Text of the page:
The Magpie Goose, Anseranas semipalmata, is a waterbird species found in coastal northern Australia and savannah in southern New Guinea. It is a unique member of the order Anseriformes, and arranged in a family and genus distinct from all other living waterfowl. The Magpie Goose is a resident breeder in northern Australia and in southern New Guinea. This species is placed in the order Anseriformes, having the characteristic bill structure, but is considered to be distinct from the other species in this taxon. The related and extant families, Anhimidae (screamers) and Anatidae (ducks, geese and swans), contain all the other taxa. The Magpie Goose is contained in the genus Anseranas and family Anseranatidae, which are monotypic in our age. A cladistic study of the morphology of waterfowl found that the Magpie Goose was an early and distinctive offshoot, diverging after screamers and before all other ducks, geese and swans. This family is quite old, a living fossil, having apparently diverged before the Cretaceous?Paleogene mass extinction ? the relative Vegavis iaai lived some 68-67 million years ago. The fossil record is limited, nonetheless. The enigmatic genus Anatalavis (Hornerstown Late Cretaceous or Early Paleocene of New Jersey, USA – London Clay Early Eocene of Walton-on-the-Naze, England) is sometimes considered to be the earliest known anseranatid. Other Paleogene birds sometimes considered magpie-geese are the genera Geranopsis from the Hordwell Formation Late Eocene to the Early Oligocene of England and Anserpica from the Late Oligocene of Billy-Crechy (France). The Australian distribution of the living species ties in well with the presumed Gondwanan origin of Anseriformes, but Northern Hemisphere fossils are puzzling. Perhaps the magpie-geese were one of the dominant groups of Paleogene waterfowl, only to become largely extinct later.
The Magpie Goose is a large, distinctive black and white water-bird (from 70 – 90 cm long) with a prominent knob on the head, and orange legs. It is black at each ‘end’ – head, neck and upper chest, plus rump and tail – with white body and wings in between. Immature birds have no head-knob and their white parts are mottled grey or brown. It is not a duck or goose, but is regarded as a primitive relative of them.
Listen to the sound of Magpie Goose
Copyright remark: Most sounds derived from xeno-canto
Australasia : New Guinea, North Australia. The Magpie Goose is widespread throughout coastal northern and eastern Australia. It can be seen from Fitzroy River, Western Australia, through northern Australia to Rockhampton, Queensland, and has been extending its range into coastal New South Wales to the Clarence River and further south.
The Magpie Goose is seen in floodplains and wet grasslands. Some individuals, mostly younger birds, may be seen at quite long distances inland.
During the breeding season, Magpie Geese build nests in secluded places, usually close to wetlands. The nest is almost single-handedly constructed by the male. It usually consists of a simple unlined cup placed either in a floating platform of trampled reeds or built in tree-tops. Pairs of geese mate for life, but a male may have two females. Two females may occasionally use the same nest to lay the large, oval, off-white coloured eggs. All adults share incubation and care for the young. Clutch size: Up to 16 eggs for 2 females, but 8 more common. The eggs are incubated for about 25 days and just two more days to fledge.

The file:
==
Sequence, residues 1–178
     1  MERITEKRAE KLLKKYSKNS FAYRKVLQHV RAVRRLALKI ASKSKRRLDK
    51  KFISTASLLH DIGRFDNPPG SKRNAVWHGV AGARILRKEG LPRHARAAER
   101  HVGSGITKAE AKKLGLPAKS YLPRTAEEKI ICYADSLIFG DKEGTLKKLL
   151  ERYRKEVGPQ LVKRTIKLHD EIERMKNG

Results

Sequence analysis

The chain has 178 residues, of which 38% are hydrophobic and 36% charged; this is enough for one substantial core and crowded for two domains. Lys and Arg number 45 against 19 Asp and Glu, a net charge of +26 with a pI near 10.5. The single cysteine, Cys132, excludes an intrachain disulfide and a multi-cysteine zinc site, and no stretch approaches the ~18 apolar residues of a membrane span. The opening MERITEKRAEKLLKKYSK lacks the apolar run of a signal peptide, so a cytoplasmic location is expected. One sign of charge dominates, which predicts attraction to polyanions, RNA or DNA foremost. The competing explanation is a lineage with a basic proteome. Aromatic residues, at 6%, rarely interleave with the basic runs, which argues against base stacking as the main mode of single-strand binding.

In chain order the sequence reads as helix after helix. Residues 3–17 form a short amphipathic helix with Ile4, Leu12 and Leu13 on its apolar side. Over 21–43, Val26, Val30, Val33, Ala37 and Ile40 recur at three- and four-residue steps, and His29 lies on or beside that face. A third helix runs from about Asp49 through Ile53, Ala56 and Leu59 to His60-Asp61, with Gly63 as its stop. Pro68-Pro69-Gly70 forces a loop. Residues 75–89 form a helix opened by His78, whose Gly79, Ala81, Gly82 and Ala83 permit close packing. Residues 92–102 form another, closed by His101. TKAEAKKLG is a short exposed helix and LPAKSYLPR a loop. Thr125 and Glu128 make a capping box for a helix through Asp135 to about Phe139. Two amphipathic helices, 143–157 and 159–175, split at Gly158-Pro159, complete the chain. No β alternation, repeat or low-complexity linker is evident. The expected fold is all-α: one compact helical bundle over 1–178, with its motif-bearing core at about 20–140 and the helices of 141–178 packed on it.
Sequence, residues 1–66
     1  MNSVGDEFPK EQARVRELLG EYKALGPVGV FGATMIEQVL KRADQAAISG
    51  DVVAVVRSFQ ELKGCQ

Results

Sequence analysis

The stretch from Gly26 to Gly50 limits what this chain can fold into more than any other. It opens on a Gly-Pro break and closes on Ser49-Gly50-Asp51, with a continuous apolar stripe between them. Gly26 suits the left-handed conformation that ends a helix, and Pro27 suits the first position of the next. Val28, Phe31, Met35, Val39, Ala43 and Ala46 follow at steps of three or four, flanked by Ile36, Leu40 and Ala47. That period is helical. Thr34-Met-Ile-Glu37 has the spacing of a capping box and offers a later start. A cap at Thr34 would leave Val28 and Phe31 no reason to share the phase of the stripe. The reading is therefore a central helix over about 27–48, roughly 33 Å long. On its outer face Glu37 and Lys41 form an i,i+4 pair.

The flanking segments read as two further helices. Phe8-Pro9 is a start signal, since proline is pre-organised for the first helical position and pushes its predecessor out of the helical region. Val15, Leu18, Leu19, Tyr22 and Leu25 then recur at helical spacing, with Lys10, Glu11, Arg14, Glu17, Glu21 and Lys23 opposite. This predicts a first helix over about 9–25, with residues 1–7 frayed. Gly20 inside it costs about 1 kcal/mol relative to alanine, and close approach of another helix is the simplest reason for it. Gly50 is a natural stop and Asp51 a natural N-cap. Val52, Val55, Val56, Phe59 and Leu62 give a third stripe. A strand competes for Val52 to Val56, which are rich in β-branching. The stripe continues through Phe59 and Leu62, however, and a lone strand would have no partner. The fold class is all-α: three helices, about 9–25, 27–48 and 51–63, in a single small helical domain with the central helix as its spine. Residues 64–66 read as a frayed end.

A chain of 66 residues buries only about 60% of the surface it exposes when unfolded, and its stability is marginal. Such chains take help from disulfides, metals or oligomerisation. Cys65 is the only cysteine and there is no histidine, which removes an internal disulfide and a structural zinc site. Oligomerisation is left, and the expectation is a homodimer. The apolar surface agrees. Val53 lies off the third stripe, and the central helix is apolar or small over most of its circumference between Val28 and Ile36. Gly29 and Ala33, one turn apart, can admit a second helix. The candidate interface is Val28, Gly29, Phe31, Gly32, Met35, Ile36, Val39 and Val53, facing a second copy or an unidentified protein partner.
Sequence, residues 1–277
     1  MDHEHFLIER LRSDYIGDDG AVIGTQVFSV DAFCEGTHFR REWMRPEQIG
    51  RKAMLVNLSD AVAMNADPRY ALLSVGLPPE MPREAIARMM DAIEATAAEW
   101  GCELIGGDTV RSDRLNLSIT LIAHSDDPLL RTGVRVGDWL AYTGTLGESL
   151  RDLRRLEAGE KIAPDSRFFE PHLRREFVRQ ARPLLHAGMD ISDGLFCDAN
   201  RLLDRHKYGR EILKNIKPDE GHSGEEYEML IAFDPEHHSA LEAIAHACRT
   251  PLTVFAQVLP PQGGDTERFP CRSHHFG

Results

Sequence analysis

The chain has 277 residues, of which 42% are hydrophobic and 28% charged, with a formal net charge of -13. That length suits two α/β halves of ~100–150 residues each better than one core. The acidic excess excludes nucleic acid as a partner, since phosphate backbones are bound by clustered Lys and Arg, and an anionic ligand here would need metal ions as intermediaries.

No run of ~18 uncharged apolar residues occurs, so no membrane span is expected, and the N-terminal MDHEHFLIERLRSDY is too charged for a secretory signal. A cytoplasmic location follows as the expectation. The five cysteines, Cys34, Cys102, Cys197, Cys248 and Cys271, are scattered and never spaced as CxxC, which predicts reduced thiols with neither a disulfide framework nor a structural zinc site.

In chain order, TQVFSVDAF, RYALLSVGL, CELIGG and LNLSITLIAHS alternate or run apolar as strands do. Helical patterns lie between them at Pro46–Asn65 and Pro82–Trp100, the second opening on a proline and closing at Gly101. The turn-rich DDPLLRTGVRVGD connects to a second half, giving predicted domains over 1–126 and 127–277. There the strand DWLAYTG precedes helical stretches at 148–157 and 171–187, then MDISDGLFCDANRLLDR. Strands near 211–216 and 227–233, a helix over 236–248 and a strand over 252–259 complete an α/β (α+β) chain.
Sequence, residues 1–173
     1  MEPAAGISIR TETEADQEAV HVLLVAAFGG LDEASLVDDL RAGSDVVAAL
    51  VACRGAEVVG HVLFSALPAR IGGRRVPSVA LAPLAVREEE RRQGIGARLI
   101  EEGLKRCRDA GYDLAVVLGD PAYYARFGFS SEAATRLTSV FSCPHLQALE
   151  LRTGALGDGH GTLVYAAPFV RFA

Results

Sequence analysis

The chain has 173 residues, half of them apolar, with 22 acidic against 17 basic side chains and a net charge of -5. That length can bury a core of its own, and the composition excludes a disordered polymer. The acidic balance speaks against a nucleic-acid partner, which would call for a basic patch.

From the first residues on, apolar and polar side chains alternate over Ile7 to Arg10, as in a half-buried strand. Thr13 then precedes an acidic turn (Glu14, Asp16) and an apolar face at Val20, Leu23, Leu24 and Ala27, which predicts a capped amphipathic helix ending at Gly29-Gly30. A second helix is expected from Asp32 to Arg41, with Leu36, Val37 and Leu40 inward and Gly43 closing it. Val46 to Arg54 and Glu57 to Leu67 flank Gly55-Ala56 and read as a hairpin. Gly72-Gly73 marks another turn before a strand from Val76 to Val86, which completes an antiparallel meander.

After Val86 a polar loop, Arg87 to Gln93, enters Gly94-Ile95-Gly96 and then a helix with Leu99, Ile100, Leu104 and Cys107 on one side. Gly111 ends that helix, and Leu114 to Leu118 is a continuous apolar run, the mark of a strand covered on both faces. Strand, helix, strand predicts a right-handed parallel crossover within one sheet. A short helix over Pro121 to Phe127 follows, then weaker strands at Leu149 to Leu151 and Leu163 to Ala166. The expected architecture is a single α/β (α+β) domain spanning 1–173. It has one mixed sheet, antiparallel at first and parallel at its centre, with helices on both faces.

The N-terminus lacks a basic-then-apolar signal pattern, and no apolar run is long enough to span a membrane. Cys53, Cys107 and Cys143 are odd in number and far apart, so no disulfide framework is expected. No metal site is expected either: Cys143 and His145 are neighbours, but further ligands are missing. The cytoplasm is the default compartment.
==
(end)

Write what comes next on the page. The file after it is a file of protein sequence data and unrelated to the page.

Large, noisy flocks of up to a few thousand birds congregate to feed on aquatic vegetation. The Magpie Goose is a specialized feeder with wild rice, Oryza, Paspalum, Panicum and spike-rush, Eleocharis, forming the bulk of its diet
Video Magpie Goose
copyright: Nick Talbot
This species has a very large range, and hence does not approach the thresholds for Vulnerable under the range size criterion (Extent of Occurrence <20,000 km2 combined with a declining or fluctuating range size, habitat extent/quality, or population size and a small number of locations or severe fragmentation). The population trend appears to be fluctuating, and hence the species does not approach the thresholds for Vulnerable under the population trend criterion (>30% decline over ten years or three generations). The population size is extremely large, and hence does not approach the thresholds for Vulnerable under the population size criterion (<10,000 mature individuals with a continuing decline estimated to be >10% in ten years or three generations, or with a specified population structure). For these reasons the species is evaluated as Least Concern. Major potential threats to Magpie goose populations include habitat removal and degradation to wetlands, climate change leading to saltwater intrusion, invasion of wetlands by introduced hooved animals and the increase of wetland weeds such as Mimosa pigra.
Not migratory but move depending on the availability of suitable habitat
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